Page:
Prasad explains that the mechanisms by which antioxidants may help in cancer treatment go beyond the prevention of free radical damage. “Antioxidants function to prevent free radical damage, and that’s important. But at therapeutic doses, there are other mechanisms, such as induced apoptosis, decreased inflammation, and enormous change in gene expression,” says Prasad, who stresses that this is important because during chemotherapy, the body’s tissues are damaged by the production of free radicals and by severe inflammation. Prasad limits his recommendations for antioxidants during cancer treatment to therapeutic doses of dietary antioxidants such as vitamins A, C, and E and beta-carotene because other antioxidants made in the body, such as sulfhydral compounds like alpha-lipoic acid, may present toxicity concerns.

Words of Caution
Many cancer experts believe the science doesn’t yet fully support antioxidant use during cancer treatment. According to the American Institute for Cancer Research (AICR), the current evidence supports both views on antioxidants—that they could interfere with treatment and protect healthy cells and reduce side effects.

A commentary on antioxidant use in cancer therapy was published in the Journal of the National Cancer Institute in 2008 by lead author Brian Lawenda, MD, MC, USN, clinical director of radiation oncology at the Naval Medical Center in San Diego. The article reports that despite nearly two decades of research investigating the use of dietary antioxidant supplementation during conventional chemotherapy and radiation therapy, controversy remains.

Lawenda notes that several randomized clinical trials found that the concurrent administration of antioxidants with chemotherapy or radiation therapy reduces treatment-related side effects; some data indicate antioxidants may protect healthy cells (as well as tumor cells) from oxidative damage generated by cancer therapy; and other data suggest that antioxidants can protect normal tissues from chemotherapy or radiation-induced damage without decreasing tumor control. But on the basis of reviewing published randomized clinical trials, Lawenda’s team concluded that the use of supplemental antioxidants during chemotherapy and radiation therapy should be discouraged because of the possibility of tumor protection and reduced survival.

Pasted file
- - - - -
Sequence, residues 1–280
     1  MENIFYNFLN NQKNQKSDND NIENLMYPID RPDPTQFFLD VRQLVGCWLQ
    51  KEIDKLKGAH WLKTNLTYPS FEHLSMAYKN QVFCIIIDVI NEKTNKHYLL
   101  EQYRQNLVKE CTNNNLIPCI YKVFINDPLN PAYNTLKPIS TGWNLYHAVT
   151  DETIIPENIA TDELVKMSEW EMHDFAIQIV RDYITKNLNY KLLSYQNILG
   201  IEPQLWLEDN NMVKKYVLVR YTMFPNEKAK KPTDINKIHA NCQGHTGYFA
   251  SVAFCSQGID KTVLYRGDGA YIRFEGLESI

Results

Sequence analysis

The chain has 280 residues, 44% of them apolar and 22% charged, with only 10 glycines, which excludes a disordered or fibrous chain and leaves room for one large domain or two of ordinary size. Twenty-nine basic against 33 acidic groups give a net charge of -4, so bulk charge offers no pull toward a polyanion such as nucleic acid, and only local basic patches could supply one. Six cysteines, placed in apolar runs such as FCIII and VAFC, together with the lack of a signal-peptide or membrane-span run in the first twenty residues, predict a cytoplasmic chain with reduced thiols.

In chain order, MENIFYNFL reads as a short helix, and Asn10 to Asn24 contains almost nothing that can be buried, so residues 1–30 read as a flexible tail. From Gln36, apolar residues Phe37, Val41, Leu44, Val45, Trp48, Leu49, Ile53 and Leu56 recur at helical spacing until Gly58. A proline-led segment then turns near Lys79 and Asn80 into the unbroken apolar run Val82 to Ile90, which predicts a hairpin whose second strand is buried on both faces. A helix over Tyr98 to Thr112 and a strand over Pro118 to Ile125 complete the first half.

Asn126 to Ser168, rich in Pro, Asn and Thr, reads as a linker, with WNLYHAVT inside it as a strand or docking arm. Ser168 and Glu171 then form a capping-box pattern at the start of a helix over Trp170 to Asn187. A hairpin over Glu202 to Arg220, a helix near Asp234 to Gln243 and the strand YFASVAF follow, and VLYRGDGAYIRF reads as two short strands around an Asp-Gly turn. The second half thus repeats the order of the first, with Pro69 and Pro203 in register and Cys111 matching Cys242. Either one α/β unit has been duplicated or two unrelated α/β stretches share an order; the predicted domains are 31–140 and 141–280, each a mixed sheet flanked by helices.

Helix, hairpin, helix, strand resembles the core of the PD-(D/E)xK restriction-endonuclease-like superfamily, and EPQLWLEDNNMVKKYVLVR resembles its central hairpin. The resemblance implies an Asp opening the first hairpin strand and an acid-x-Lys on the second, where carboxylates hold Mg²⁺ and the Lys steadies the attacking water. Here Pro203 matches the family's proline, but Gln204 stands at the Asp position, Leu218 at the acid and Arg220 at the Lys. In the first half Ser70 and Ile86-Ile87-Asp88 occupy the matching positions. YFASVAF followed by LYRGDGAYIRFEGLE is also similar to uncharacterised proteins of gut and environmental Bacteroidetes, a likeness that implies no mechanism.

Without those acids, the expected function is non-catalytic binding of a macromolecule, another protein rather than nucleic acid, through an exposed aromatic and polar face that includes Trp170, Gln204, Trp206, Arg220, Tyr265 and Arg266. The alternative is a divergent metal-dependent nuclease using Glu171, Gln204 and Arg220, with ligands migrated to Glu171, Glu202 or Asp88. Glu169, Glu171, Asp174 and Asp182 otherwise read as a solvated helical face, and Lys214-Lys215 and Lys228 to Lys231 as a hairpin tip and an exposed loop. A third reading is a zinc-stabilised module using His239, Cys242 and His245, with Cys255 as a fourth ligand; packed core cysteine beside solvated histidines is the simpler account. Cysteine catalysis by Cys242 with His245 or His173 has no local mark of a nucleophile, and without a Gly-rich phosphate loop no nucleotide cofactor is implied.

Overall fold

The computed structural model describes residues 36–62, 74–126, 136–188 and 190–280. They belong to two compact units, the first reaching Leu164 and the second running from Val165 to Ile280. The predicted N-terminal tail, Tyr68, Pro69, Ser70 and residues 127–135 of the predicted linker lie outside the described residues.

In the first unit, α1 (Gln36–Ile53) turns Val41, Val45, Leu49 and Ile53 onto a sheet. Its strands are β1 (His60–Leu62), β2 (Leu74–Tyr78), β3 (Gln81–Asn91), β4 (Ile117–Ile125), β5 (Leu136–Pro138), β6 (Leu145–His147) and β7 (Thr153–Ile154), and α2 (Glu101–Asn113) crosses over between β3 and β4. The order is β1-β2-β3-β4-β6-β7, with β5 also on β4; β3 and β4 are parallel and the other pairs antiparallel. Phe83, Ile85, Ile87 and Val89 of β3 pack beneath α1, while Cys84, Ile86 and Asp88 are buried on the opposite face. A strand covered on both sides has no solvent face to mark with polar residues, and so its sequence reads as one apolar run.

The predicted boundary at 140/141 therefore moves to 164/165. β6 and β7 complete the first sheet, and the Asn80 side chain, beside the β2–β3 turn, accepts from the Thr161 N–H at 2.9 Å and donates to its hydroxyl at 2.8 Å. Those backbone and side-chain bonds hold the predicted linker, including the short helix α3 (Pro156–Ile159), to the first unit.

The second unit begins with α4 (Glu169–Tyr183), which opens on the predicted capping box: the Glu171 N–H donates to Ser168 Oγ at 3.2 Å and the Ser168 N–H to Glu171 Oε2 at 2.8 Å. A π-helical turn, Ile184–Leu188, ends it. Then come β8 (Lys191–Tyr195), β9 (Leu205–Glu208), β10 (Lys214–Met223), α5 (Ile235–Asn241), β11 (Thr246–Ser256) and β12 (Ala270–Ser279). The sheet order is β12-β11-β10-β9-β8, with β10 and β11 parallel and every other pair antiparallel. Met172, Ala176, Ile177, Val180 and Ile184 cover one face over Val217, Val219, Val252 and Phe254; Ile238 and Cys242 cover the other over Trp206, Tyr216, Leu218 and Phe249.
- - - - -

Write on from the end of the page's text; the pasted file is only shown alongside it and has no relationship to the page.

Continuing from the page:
Strength of the Science
While the debate over this issue continues, the bottom line is that the scientific evidence is not for or against antioxidants in cancer treatment.

“This is an area of controversy. As a conventional oncologist, it’s more of an issue of potentially interfering with conventional therapy and making it more toxic or less effective. But we don’t have a lot of evidence to support it one way or another. Adding to the confusion, some isolated antioxidant compounds have been shown to have prooxidant effects depending on the dose and route of administration, etc. Due to the complexity of all the variables involved in studying this question and how they impact a specific individual at a specific time, we are limited by what we can say regarding the effects of increasing or decreasing the amount of a specific antioxidant,” explains Lawenda. “In radiation therapy, there is at least one well-conducted phase 3 study that suggests that a specific high-dose antioxidant supplement potentially interferes with treatment. But with chemotherapy, it is much less clear. Radiation therapy and many chemotherapeutic agents cause oxidative damage in tumors during therapy and if you give antioxidants, it theoretically could inhibit the therapy.”

Lawenda stresses that large-scale phase 3 trials are needed to help answer these questions, but this kind of research comes with a high price tag.

Prasad believes antioxidants are controversial in cancer therapy because of two very important distinctions in antioxidant research. “First, there are two different kinds of doses of antioxidants used. You can divide the data on the role of antioxidants in cancer therapy in two categories: a preventive dose, which is a low dose, and a therapeutic dose, which is a high dose. For the preventive dose, the data has shown protection of normal cells and tumor cells. For the therapeutic dose, the data shows that it inhibits the growth of cancer cells but not the normal cells. People are looking at data for preventive doses, which is confusing. Another important thing that has caused controversy is that people are looking at data for cancer prevention, such as the beta-carotene trial that showed a link with lung cancer occurrence. This doesn’t make sense. The data is not the same for prevention of cancer and for people with cancer undergoing therapy.”

Dietary Supplement Reality
Put aside the antioxidant-cancer treatment debate for one minute to consider this: Dietary supplement use is common among the 10 million adults in the United States who have been diagnosed with cancer. According to a study conducted by the Fred Hutchinson Cancer Research Center and published in the Journal of Clinical Oncology in 2008, 64% to 81% of cancer survivors reported using a vitamin or mineral supplement. In comparison, about 50% of U.S. adults reported using dietary supplements. Between 14% and 32% of survivors initiated supplement use after their diagnosis. The most surprising finding from the study? Up to 68% of physicians might be unaware of their cancer patients’ supplement use.